Tuesday, July 11, 2006

Garden at Antler Manor

Please click to enlarge and read.

I was born in 1942, a few months after Pearl Harbor. During my early childhood, everyone who had dirt had a Victory Garden. Better than that, my Grandparents Herndon lived in the country and Grandpa planted a miracle vegetable garden, melon patch, grape vines, and an orchard that contained every kind of fruit that was grown in California in those days. So, no kiwi, but cherries and peaches and all of those wonderful things. He had a nut tree that had two additional kinds of nuts grafted on, so that you only needed the one. My grandmother grew many kinds of flowers and planted a different kind of mint under each of the outdoor faucets and then let the faucets drip all summer long (mint requires lots of water and shade). When we had iced tea, we would pick some fresh mint and add it. When I would visit, Grandma would give me a basket and send me out to pick what I wanted to eat. One summer I lived on tomatoes, bell peppers, scallions, corn, and watermelon. Lots of watermelon.

When I planted my first garden, Richard was eight and Julie was six and we were living in a log house on a corner lot in Fairbanks, Alaska. Because there were moose antlers over the front door, we called it "Antler Manor" (in those days, we named everything; our previous abode had been a basement apartment we called "The Hobbit Hole"). The house had originally been a one room cabin, owned by a famous lady of the night. Then a kitchen was added. Then, the kitchen was sawed off and moved and a cross section with two bedrooms and a bath was stuck between the two rooms, making the original cabin the living room. Then a car port was tacked on at the kitchen end. That was converted to a three car garage, and that eventually transformed into a large bedroom.

The yard was rather big, as Fairbanks yards go, and when we moved in had been allowed to run riot for several years. I started to pull weeds and my neighbor and friend, Gloria, came running across the street to tell me that those were chamomile and lamb's quarters! Free food. Thanks to Gloria we had fresh lamb's quarters in our salads or steamed with vinegar all summer. I froze pounds of them, and in the winter we had those steamed or added to soup or stews. When the seeds dried, I ground them and added them to flour, making the best "buckwheat" pancakes I ever ate. And lots of chamomile tea.

However, I did take a large section of the yard and plant it in vegetables. The first time I rototilled it, Julie's puppy, Samantha, rolled the earth all flat, so before we could do anything else we had to build a fence to keep her out. Then we spaded the earth and planted the garden. We had corn and tomatoes and two kinds of spinach and radishes and broccoli and cabbage and cauliflower and beets and carrots and turnips and cucumber and lettuces and onions and I don't remember what all else. The regular fence was chain link, and I planted peas all along that, which gave us a wealth of flowers followed by wonderful peas. There were so many I put up a sign inviting people to pick them as they passed; no one took undue advantage of it, lots of neighborhood kids ate them as snacks.

Julie and Richard snacked directly out of the garden, as did all of their friends, and I. At meal time I would give them a plastic sand bucket and send them out to pick what they wanted. Never had a problem getting them to eat their vegetables.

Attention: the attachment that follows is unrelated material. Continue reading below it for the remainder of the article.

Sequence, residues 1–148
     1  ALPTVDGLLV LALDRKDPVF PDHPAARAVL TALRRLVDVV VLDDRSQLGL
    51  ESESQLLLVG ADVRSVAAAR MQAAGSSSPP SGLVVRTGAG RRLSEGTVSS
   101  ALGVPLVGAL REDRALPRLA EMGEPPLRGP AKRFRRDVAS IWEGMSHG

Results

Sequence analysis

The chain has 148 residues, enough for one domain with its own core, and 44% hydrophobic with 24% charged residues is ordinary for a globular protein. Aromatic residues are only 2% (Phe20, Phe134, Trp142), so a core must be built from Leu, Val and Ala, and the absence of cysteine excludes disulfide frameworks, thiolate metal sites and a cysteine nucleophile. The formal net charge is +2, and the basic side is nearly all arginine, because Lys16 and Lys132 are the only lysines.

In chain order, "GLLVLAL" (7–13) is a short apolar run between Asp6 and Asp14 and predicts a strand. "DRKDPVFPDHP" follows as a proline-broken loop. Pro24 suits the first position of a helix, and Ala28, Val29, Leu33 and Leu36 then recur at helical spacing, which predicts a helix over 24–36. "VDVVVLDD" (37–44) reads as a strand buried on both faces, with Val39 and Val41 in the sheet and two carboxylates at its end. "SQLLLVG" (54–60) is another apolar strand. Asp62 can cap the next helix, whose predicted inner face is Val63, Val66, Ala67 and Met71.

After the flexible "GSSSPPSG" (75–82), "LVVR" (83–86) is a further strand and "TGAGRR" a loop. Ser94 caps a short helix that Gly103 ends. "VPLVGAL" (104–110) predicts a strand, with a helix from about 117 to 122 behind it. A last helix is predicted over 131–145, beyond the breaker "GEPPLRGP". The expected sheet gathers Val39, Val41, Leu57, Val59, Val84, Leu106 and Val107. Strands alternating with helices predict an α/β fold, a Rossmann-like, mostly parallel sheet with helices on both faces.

And the zucchini? Since it was my first garden ever and I had no idea what I was doing, I planted two hills of zucchini. I could have fed the entire state that summer. We had it raw in salads. We had it cooked with tomato. We let them grow big and stuffed them. We froze them and used them all year in zucchini bread. I gave them away. People would see me coming and turn and run.

A few years after that I read a joke in Reader's Digest about a small town where no one ever locked their cars except during the summer. You had to lock them in summer, or you would come out of the barber shop to find your back seat full of zucchini. Now why, I wonder, didn't I ever think of just putting them in someone's car?


J said...

That's too funny! Can you imagine the police report on that one? Ha!

If only tomatoes were as prolific as zucchini, I would be sure there is a god.

I wish I had known the Grandparents Herndon. Sounds like a fun place to be a kid.

Gina said...

My grandparents, when they were still gardening, had the same issues with zucchini, as well as swiss chard, which they couldn't pay anyone to take.

Maya's Granny said...

J. Your great-grandparents Herndon did have a great place for a kid to hangout. Loved me deeply, fed me well. Told wonderful stories and let me swim in the irrigation canal.

Gina, well, you couldn't pay me to take Swiss chard, either. It's one of those things -- you like it or you don't, and I don't.

J said...

I realized later that my Great Grandmother Herndon I did know...just not in the farming days, which is what I meant in my comment. :) So I'm glad I got to know her, but sorry I didn't get to hang out at the farm!

Anonymous said...

You made me smile and recall my own first "summer of zucchini." Friends galore sent me many recipes so I could use it all and yes, I have made a zucchini cholocate cake. :)

Maya's Granny said...

J. They lived out in the country, but not really on a farm. Grandpa worked for the irrigation district, but he had his share of his father's land (and that had been a farm) and he had his orchard and garden and vines. A kitchen garden, it's called. No big crops, no livestock.

Ms. Mamma said...

I love to read when people write about planting and growing and eating their gardens. There is something so cool about even saying the various names of the plants. It's fresh, sista!